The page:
Another important factor in the ISFRN data is the uncertainty associated with the data. A comprehensive and reliable uncertainty budget allows a dataset to be compared either with themselves or with a reference standard and as such, can be used with confidence. Uncertainties arise due to many reasons but can be grouped into the following primary categories (Donlon et al. 2014a) as:

 

  • Instrument measurement uncertainty: those relating to instrument hardware e.g. detector noise, optical misalignment, etc.
  • Retrieval/algorithm uncertainty: those relating to derived quantities e.g. the value of sea water emissivity, temporal differences between sea surface and atmospheric radiance measurements, etc.
  • Application uncertainty: those relating to a specific application e.g. differences in the type of SST measurement (e.g. of SSTdepth or SSTskin).

 

These uncertainties can further be split into two categories; random or systematic and are explored further in Donlon et al. 2014.

 

Possibly the most comprehensive uncertainty budget and analysis for a ship borne radiometer to date has been produced by Werenfrid Wimmer (Wimmer et al. 2012, Wimmer and Robinson, 2016) for the ISAR radiometer. The ISAR uncertainty model was created based on FRM standards and requirements and so not only are pre- and post-deployment calibrations performed but also a per-measurement model is used. This means that not only are shipborne radiometers fully traceable to SI standards (Preston-Thomas et al. 1990) but it also reduces the need for a large number of nominally independent observations to reduce the random uncertainty (for example, in the case of drifting buoys). The ISAR uncertainty model is based on a breakdown of uncertainties for the entire end-to-end instrument and data processing system, and was developed on a first principle bases by analysing these components of the ISAR instrument and propagating their associated uncertainties through the measurement equation that is shown in Figure 2 (Wimmer and Robinson, 2016). Here you can get an idea of how the primary uncertainty categories ‘instrument’, ‘retrieval/algorithm’ and ‘application’ are taken into account and addressed. A more thorough investigation into how these categories relate specifically to shipborne radiometer SST measurements can be found in Donlon et al. 2014. The ISAR post processor, which was implemented following this model, produces an uncertainty value for each SST. These uncertainties show the degree of confidence a user can have in the SST measurement. Figures 3 and 4 show a typical plot of ISAR SST data and associated total uncertainty, respectively. A detailed description of the uncertainty model can be found in Wimmer and Robinson, 2016.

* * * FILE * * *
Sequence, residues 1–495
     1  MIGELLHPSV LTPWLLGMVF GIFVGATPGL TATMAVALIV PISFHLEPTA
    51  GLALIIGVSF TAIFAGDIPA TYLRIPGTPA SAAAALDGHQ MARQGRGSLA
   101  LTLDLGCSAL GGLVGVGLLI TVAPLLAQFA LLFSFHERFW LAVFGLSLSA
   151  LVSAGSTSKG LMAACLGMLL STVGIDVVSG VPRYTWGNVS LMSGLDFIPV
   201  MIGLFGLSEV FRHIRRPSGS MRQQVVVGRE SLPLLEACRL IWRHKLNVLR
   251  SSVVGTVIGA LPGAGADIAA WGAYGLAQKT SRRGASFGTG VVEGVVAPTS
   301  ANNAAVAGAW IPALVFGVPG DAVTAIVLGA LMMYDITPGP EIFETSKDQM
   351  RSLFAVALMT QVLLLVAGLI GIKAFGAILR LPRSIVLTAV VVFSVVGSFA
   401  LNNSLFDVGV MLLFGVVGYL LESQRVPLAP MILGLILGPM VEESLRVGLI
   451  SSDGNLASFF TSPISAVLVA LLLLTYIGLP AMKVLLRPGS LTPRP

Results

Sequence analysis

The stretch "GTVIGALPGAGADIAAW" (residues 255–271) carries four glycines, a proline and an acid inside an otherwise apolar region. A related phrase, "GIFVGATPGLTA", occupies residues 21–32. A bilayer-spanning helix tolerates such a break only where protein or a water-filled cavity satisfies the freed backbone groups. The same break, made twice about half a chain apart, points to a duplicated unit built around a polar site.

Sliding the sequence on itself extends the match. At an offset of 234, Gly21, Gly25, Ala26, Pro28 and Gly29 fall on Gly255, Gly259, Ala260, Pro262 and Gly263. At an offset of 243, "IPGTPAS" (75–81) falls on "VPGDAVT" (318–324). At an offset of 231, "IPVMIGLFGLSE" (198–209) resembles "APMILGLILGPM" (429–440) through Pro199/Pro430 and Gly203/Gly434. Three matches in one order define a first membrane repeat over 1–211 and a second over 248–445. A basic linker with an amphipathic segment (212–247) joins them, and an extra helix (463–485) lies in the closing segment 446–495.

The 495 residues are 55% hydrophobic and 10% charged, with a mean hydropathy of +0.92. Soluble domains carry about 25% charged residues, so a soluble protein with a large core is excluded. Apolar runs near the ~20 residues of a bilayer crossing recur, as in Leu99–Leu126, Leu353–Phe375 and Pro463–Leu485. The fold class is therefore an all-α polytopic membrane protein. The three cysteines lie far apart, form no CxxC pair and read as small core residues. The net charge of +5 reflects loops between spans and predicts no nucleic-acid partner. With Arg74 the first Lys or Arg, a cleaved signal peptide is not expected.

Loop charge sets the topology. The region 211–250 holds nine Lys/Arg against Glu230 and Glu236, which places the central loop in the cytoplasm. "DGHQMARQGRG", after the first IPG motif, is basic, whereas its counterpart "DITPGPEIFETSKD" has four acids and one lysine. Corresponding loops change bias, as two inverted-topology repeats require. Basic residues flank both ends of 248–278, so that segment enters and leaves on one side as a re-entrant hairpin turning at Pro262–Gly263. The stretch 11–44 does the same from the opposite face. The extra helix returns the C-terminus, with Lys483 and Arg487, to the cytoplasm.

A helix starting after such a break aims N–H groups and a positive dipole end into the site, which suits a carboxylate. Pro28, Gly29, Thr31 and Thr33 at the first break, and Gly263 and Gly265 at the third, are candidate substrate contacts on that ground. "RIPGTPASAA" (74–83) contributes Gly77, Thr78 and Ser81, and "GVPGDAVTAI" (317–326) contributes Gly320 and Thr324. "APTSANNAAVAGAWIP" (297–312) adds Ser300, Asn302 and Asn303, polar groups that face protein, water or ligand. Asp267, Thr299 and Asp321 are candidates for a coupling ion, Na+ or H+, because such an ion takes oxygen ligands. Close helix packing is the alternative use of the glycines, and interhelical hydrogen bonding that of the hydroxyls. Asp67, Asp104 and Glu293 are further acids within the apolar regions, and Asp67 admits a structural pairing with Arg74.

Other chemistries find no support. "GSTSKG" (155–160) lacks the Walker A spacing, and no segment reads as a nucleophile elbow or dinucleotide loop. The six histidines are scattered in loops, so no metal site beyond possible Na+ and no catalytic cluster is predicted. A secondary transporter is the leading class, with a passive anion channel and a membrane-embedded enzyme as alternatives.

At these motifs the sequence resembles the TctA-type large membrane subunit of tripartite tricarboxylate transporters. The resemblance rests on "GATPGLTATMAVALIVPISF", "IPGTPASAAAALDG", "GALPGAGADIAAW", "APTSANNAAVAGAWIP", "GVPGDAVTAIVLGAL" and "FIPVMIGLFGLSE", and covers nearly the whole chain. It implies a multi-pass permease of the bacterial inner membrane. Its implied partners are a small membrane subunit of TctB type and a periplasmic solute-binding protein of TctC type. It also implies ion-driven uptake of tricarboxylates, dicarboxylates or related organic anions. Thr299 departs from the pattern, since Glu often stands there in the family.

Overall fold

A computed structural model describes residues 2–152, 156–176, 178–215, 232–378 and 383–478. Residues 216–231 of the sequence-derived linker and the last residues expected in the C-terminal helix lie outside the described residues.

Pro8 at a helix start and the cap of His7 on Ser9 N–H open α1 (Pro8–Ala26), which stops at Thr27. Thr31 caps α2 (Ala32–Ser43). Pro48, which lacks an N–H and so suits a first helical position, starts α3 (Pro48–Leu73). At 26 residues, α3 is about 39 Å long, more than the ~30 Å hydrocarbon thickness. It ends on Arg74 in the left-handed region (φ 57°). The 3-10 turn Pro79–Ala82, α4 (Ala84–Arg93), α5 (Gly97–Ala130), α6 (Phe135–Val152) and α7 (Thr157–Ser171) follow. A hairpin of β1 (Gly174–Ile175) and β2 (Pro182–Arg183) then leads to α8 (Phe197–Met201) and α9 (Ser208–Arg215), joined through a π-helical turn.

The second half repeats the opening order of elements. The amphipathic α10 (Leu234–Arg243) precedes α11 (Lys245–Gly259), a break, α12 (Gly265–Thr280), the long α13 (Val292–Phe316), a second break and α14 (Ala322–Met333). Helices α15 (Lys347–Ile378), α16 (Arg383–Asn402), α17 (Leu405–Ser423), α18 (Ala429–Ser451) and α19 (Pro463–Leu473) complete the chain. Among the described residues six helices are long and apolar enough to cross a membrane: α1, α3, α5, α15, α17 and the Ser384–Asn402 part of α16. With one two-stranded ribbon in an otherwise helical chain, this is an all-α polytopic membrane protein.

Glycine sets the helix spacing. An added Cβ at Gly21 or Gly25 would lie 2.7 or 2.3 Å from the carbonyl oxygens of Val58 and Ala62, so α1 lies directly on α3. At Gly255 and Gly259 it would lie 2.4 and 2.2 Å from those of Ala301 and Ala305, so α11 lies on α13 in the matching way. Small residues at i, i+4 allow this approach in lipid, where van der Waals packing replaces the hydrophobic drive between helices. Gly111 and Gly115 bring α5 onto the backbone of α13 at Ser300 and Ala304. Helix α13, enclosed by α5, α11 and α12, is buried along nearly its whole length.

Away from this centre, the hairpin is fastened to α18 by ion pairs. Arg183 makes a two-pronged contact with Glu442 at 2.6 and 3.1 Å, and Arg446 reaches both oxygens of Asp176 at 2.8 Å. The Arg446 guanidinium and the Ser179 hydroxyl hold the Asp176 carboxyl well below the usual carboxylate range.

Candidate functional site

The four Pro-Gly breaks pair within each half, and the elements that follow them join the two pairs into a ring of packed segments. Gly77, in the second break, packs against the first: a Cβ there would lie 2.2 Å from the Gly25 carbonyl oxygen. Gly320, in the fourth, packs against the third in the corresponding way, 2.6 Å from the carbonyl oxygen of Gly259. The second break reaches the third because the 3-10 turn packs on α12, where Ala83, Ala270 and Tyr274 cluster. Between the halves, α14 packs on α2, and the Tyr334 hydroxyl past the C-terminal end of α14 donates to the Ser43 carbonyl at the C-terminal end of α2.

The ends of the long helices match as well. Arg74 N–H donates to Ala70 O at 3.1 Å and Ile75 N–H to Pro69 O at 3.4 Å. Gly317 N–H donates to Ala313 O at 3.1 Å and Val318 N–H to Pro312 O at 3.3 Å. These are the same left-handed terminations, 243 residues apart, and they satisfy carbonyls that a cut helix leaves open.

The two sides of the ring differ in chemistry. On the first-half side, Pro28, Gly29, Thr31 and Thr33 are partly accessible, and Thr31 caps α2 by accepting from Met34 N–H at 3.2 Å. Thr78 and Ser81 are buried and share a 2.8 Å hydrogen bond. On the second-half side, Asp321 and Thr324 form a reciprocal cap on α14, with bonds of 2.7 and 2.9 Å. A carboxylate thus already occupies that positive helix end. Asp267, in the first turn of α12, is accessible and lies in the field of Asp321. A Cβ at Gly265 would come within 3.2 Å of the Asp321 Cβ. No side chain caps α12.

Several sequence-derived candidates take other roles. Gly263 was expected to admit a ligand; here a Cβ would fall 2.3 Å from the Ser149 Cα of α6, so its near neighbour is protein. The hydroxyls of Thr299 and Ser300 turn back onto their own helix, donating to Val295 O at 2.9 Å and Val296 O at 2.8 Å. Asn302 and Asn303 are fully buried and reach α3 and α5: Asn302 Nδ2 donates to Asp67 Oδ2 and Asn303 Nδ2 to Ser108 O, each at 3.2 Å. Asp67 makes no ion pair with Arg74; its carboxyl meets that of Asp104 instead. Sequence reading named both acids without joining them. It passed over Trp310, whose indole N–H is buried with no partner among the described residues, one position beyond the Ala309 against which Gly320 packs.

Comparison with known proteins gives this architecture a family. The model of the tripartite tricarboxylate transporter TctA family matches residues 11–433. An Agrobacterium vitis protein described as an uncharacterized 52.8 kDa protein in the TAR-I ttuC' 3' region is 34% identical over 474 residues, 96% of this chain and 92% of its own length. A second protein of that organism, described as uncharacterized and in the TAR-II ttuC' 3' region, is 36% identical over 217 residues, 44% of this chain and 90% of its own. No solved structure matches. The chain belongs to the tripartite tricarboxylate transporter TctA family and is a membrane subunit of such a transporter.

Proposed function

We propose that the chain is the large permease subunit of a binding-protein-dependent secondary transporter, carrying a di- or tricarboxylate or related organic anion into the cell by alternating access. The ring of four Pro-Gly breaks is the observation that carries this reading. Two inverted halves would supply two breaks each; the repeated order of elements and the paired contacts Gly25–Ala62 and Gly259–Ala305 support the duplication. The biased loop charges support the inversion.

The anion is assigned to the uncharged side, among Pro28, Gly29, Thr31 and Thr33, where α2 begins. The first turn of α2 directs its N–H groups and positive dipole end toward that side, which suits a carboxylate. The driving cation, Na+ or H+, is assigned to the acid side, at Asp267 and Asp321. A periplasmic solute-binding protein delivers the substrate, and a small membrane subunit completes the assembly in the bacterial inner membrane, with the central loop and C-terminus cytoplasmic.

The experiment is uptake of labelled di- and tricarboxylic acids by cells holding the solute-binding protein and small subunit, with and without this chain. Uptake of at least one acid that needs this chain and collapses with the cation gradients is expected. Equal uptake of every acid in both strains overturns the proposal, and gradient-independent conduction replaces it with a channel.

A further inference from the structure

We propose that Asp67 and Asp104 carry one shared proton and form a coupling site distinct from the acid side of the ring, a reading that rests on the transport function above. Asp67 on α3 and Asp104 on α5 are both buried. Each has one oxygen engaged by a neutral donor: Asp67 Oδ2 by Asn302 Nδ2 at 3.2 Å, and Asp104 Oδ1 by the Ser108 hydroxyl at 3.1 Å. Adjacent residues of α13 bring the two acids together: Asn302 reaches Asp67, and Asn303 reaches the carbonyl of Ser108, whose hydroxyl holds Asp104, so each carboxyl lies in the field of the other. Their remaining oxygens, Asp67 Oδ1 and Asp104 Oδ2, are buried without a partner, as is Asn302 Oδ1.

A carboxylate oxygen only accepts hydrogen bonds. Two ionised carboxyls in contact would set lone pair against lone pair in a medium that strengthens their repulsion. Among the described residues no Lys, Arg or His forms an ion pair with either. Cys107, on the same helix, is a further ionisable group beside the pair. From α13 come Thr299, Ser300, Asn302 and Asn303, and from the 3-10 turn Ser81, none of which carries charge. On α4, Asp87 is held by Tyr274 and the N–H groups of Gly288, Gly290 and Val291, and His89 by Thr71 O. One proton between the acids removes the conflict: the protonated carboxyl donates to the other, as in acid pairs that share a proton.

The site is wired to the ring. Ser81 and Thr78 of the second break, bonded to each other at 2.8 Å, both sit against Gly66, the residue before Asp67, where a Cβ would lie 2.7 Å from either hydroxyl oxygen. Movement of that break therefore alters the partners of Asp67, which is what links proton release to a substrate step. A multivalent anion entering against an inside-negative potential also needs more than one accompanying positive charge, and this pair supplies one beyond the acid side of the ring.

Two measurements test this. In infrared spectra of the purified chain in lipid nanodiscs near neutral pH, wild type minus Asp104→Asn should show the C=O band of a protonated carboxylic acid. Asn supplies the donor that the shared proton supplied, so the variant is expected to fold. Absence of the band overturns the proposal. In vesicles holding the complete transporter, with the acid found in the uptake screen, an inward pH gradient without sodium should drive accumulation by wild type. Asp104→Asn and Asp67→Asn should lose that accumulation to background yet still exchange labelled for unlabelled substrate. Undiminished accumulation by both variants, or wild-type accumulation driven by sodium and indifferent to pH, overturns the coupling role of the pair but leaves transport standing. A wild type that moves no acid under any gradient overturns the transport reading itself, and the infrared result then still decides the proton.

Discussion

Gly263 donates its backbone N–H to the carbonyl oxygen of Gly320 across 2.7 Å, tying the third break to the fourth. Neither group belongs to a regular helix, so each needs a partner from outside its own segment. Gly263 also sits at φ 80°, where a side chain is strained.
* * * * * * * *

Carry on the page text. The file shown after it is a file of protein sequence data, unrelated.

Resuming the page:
Figure 2: The ISAR SST Measurements equation featuring a breakdown of some of the main elements of the ISAR SST processor to show the factors that introduce uncertainties. The boxes coloured in blue represent type A uncertainties, boxes coloured in red show type B uncertainties, and boxes in red and blue contain both type A and type B uncertainties. R2T stands for radiation to temperature transformation, Rsea is the radiation from the sea, Rsky the radiation from the sky, ε the seawater emissivity, RBB1,2 the radiation from the two on-board black bodies, SigSea, SigSky, SigBB1,2 are the signal from the detector when viewing the sea, sky of the two black bodies (Wimmer and Robinson, 2016).

 

 

Figure 3: The ISAR SST data from 2004 to 2019